Constitutional order. – From 1833 to 1924 Greece was a kingdom; the republic was established on 24 March 1924 and the new constitution was adopted (3 June 1927). At the head of the republic is the president, elected by the National Assembly every five years. In his absence or incapacity, he is replaced by the President of the Senate; he enjoys political irresponsibility, and in criminal matters (high treason, willful violation of the laws) is judged by the Senate. He is the supreme magistrate of the state and head of the executive power; promulgates the laws, can dissolve the Chamber, with the consent of the Senate, and suspend its work, represents the state in the international field, is at the head of the armed forces, but cannot assume command of them; he can grant pardons and amnesties for political crimes only; for common crimes, amnesty does not exist in Greece. The government is appointed by the president, on the proposal of the Prime Minister and must enjoy the confidence of the Chamber; the ministers assume, with their countersignature, full responsibility for the acts of the head of state. Legislative power belongs to the two chambers. The Chamber of Deputies is made up of representatives (maximum 250) elected every four years by direct, universal and secret suffrage; citizenship, the age of 25 and the possession of an active vote are required, but there are some cases of ineligibility and incompatibility. The Senate is made up of 120 senators (9/10 elected by direct suffrage, 1/12 designated by the national assembly and the others by professional associations); the requirements are identical to those for deputies, but the age of 40 is required. The mandate lasts for nine years; the senators are partially renewed 1/3 for three years. The two Chambers also exercise control over the government and decide on general affairs; they only meet in a national assembly to deliberate on the most important issues (election of the president, modification of the constitution, etc.). The Chamber has more extensive powers than the Senate. Judicial power is exercised by the courts which also examine the constitutionality of laws. Citizens are guaranteed ample freedoms; family, work and education are protected. Administrative justice is entrusted to the Council of State; in financial matters the highest body is the Court of Auditors. The system of decentralization and autonomy is in force for the local administration, under the high control of the state.
Religion. – In Greece the huge majority of the population belongs to the Orthodox Church, whose organization is headed by an archbishop (Athens), 88 metropolitans and bishops, about 7000 priests. There are about 300 Orthodox monasteries with about 5000 monks and nuns (for this see Orthodox, church).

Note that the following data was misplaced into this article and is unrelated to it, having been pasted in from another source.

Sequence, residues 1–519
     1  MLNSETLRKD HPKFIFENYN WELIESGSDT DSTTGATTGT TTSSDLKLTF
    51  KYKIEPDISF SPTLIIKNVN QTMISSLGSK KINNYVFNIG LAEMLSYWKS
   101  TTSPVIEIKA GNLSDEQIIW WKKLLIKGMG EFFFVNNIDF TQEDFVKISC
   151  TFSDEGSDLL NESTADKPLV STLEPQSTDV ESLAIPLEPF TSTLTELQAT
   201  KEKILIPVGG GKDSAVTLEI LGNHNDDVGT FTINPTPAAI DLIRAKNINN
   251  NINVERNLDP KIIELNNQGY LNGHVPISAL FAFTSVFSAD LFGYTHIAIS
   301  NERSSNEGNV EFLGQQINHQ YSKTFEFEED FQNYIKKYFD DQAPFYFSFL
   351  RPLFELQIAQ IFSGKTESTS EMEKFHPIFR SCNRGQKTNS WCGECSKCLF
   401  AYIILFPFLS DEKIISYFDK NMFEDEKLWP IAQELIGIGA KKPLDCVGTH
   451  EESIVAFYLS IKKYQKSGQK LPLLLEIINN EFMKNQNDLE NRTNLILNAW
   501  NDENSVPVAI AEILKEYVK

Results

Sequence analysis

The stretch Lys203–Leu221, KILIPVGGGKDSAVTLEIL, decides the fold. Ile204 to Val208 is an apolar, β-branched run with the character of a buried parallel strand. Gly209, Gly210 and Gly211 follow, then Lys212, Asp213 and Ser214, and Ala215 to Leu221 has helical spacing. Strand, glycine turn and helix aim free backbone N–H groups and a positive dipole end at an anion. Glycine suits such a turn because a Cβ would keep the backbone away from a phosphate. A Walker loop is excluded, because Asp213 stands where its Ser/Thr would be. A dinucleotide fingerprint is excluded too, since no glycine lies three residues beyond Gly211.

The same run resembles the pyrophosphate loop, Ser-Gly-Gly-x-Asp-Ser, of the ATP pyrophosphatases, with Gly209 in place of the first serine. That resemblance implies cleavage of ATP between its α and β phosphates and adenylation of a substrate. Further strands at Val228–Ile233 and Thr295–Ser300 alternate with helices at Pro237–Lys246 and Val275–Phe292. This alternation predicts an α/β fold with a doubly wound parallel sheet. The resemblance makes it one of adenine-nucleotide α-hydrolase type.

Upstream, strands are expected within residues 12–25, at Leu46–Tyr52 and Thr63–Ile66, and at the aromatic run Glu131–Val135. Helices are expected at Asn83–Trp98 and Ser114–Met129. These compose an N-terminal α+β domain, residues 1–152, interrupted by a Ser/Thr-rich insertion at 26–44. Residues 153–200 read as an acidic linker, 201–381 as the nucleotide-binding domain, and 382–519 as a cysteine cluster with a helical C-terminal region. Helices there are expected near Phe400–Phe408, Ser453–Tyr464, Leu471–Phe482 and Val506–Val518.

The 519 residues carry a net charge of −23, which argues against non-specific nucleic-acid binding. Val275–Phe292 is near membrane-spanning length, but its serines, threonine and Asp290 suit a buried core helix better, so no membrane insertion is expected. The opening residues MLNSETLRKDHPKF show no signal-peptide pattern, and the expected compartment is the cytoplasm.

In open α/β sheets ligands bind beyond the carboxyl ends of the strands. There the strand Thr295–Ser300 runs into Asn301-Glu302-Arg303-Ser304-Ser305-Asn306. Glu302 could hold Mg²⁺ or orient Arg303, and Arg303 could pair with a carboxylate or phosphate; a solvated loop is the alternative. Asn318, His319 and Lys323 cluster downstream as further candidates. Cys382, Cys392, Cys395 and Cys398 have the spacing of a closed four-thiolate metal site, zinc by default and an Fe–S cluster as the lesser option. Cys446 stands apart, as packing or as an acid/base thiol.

The Catholic hierarchy of the Byzantine rite was re-established in Greece by Pius X with the short Auctus in aliqua of 11 June 1911, and the jurisdiction of the ordinary was extended on 21 December 1925 to all of Greece. The ordinary of the Byzantine rite resides in Athens; there is also the hieratic school (seminary) of John the Theologian with about twenty students. There are 9 priests, 1 deacons, 3 churches and chapels, a female congregation of the Pammakáristos with about ten nuns, an orphanage and a girls’ school. In addition to that of the Byzantine rite there is also a Catholic ordinary of the Armenian rite for Greece, residing in Athens; a pro-cathedral with 8 other parish churches or chapels, a dozen priests and a male convent depend on it. The Protestants of the various confessions, mostly foreigners, are very few. The most numerous Jewish communities are those of Thessaloniki (70,000), Ioannina, Corfu.
Education. – Education is placed under the supervision of the state; it is administered according to a decentralization system through special councils at the Ministry of Public Education. Primary education lasts six years and is compulsory; it is given at the expense of the state. The schools are mixed: anaphalbetism is decreasing. Middle education is divided into classical and vocational. Until recently, middle schools were divided into two grades, namely “Greek schools”, lasting three years, and “gymnasiums” lasting four years, but from 1929 they were unified into a single gymnasium lasting six years. In recent years, vocational education with a practical nature has had a great boost; technical institutes, schools of commerce, agriculture, fine arts were founded, of theology, etc. Higher education is provided by the universities of Athens (founded in 1837) and of Thessaloniki (1926), the polytechnic, the high school of commerce, the high school of agriculture and the high schools and academies of fine arts, the Odeo, etc. In addition to the license, a further examination is required for access to high school; to avoid a surplus of professionals for each faculty, the number of enrolled students is strictly determined. There are also various institutions for the advancement of sciences and arts (asteroscope, museums, society, etc.). Private education is not very developed in Greece. There are various foreign schools of lower, middle and higher education (schools of archeology, etc.).